*write answer(6) a1
is incorrect; C is correct.
Use your experience or simultaneous conservation of energy and momentum or the fact that the relative velocity is reversed.
In the inelastic collision mechanical energy is converted to heat. Thus with an elastic collision there will
finally be more total kinetic energy than in an inelastic collision. So something must be
moving faster with an elastic collision! In an equal mass elastic collision, the target ends up moving with
the initial speed of the projectile and the projectile ends at rest. Thus the target moves faster
than in an inelastic case and the projectile moves slower. In an elastic collision where the projectile
is much lighter than the target, the projectile rebounds with an almost undiminished speed. The target
must then end up with about twice the initial momentum of the projectile, so that total momentum
is conserved. Thus both the target and the projectile end up moving faster than in an inelastic
collision. Hence see that B and C are the only options, and that since our 5-to-1 mass ratio
is most similar to the latter case, suspect **C** is correct. Here are the simultaneous
equations solved:

*mv*_{before} = *mv*_{1} + 5*mv*_{2} (conservation of momentum)

*v*_{before} = -*v*_{1} + *v*_{2} (reversed relative velocity)

*v*_{before} = *v*_{1} + 5*v*_{2} (1)

*v*_{before} = -*v*_{1} + *v*_{2} (2)

2*v*_{before} = 6*v*_{2} [(1)+(2)]

4*v*_{before} = -6*v*_{1} [5×(2)-(1)]

(1/3)*v*_{before} = *v*_{2} [(1)+(2)]

-(2/3)*v*_{before} = *v*_{1} [5×(2)-(1)]

Both of these are faster than the inelastic case.
*endif
*elseif (guess.lt..4) then
*if (answer(7).eq.67) then
Correct! Galileo commented on the nearly isochronous pendulum almost 400 years ago.
*else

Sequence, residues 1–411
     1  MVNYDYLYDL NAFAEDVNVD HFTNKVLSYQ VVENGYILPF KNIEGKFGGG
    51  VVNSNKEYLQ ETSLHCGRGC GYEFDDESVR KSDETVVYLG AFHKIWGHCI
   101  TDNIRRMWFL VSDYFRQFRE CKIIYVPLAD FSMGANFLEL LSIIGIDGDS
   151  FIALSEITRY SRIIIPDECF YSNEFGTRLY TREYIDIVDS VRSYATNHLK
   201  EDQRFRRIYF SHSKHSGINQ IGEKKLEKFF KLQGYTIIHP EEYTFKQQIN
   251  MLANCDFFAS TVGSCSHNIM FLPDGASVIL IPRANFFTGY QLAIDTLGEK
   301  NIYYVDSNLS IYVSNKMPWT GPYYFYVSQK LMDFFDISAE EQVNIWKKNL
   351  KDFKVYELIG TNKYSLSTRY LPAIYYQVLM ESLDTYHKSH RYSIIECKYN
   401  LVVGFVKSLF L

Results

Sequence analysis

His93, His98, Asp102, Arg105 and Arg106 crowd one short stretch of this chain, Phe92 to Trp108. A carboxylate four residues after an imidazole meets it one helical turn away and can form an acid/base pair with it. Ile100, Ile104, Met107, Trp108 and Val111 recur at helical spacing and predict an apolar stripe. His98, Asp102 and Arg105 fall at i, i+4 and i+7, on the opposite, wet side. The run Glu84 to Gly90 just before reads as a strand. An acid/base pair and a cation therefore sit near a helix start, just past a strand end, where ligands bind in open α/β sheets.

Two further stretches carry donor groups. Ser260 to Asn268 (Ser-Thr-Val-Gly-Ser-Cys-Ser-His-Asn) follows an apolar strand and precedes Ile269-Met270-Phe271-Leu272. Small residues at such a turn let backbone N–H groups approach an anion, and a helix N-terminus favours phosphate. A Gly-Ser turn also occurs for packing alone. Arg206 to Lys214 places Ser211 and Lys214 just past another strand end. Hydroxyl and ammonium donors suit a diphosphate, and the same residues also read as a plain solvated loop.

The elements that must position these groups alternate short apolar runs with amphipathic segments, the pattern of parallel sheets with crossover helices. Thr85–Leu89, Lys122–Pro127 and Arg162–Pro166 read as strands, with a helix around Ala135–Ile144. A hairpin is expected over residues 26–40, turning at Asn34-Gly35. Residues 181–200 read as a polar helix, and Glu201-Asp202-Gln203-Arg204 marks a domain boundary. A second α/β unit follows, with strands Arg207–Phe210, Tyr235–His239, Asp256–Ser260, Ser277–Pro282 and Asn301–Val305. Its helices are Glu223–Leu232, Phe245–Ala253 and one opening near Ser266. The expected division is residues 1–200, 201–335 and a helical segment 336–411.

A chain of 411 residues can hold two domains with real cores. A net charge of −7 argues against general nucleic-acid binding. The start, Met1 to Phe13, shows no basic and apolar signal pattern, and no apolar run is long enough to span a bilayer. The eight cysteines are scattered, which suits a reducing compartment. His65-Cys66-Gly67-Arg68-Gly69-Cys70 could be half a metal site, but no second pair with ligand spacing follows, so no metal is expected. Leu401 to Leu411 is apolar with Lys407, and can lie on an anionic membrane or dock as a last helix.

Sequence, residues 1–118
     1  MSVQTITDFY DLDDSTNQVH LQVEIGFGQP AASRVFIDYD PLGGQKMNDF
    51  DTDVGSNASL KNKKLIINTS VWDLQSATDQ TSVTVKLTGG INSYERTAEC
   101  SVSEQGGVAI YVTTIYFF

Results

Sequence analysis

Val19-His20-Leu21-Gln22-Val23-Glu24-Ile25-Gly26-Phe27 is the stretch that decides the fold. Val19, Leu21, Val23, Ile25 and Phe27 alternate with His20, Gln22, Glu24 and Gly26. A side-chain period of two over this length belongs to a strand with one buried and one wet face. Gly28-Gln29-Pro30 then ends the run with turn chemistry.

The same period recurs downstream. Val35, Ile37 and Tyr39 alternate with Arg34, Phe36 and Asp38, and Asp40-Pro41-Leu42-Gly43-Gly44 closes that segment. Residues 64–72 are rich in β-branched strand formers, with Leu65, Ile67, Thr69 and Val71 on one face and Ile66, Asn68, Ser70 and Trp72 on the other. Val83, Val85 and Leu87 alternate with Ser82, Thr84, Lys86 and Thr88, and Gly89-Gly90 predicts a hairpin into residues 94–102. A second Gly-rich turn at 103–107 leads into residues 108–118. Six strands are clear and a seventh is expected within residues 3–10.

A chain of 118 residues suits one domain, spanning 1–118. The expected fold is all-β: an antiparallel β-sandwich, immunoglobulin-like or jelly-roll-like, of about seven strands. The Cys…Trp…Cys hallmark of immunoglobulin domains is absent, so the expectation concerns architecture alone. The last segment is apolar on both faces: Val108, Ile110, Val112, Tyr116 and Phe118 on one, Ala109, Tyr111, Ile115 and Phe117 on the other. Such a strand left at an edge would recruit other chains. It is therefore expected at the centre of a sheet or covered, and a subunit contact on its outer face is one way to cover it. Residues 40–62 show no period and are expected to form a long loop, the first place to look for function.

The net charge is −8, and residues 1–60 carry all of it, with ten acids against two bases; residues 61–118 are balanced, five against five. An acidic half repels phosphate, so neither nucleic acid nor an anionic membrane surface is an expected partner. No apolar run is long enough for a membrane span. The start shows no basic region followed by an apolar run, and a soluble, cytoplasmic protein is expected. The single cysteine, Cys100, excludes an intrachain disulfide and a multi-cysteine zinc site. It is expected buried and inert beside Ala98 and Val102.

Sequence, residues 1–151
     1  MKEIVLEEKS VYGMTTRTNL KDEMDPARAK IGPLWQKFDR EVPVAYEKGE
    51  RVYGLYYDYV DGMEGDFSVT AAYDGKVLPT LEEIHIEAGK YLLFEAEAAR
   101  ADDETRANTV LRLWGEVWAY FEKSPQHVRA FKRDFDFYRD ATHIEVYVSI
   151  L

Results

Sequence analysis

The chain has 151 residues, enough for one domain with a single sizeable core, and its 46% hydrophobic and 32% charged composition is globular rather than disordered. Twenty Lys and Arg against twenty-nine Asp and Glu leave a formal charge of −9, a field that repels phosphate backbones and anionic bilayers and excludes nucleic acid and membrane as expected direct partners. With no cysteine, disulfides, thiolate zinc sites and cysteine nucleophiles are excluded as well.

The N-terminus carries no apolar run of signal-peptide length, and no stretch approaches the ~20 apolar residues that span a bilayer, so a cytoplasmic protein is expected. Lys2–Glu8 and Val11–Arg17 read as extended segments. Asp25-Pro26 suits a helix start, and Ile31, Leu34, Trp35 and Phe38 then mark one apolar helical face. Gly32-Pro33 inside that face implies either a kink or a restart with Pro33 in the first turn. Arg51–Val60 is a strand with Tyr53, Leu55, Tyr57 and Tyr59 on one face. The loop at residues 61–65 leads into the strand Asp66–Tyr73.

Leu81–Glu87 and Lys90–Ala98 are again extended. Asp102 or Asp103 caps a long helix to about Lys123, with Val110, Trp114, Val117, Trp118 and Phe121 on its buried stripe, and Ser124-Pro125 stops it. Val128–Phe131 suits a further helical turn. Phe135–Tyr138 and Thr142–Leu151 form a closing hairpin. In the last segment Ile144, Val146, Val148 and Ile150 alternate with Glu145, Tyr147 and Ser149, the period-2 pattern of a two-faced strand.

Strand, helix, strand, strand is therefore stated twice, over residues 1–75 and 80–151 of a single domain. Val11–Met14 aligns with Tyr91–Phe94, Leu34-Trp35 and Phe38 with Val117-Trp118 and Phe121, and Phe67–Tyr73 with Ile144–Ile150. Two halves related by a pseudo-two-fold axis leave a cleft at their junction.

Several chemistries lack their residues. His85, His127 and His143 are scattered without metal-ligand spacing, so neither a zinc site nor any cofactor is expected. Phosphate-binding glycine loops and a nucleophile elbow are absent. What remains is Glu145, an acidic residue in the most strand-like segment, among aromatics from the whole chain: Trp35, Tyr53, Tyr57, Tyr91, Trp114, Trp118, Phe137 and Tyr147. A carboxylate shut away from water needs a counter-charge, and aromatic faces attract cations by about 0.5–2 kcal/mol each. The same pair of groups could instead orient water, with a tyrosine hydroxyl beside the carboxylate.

Your answer:
*write answer(7) a1
is incorrect; C is correct.
Pendulum period depends mostly on *L* and *g*; for "small" swings
it is independent of amplitude. Thus same *L* and *g*, small
swings in both cases, same time.
*endif
*elseif (guess.lt..6) then
*if (answer(8).eq.65) then
Correct! In the horizontal direction we have an approximation to
isochronous simple harmonic motion.
*else
Your answer:
*write answer(8) a1
is incorrect; A is correct.
In the horizontal direction we have an approximation to isochronous simple harmonic motion.
The jump in velocity is the collision. B shows motion where the post-collision
period is longer than the pre-collision period. C shows the velocity at the
time of release is non-zero. D shows constant acceleration motion.
**A** is correct.
*endif
*elseif (guess.lt..8) then
*if (answer(9).eq.68) then
Correct!
*else
Your answer:
*write answer(9) a1
is incorrect; D is correct.
The speed and hence the momentum of the projectile changes as it falls.
Momentum is not conserved since there are external forces. During the
inelastic collision mechanical energy is converted to heat and sound.
*endif
*else
*if (answer(10).eq.65) then
Correct! The largest acceleration occurs at the largest amplitude.
*else
Your answer:
*write answer(10) a1
is incorrect; A is correct.
When are the forces large?
Near equilibrium (i.e., near collision) the forces are zero.
The largest acceleration occurs at the largest amplitude.
*endif
*endif

The next random number would have been:
*write ran f6.5
*show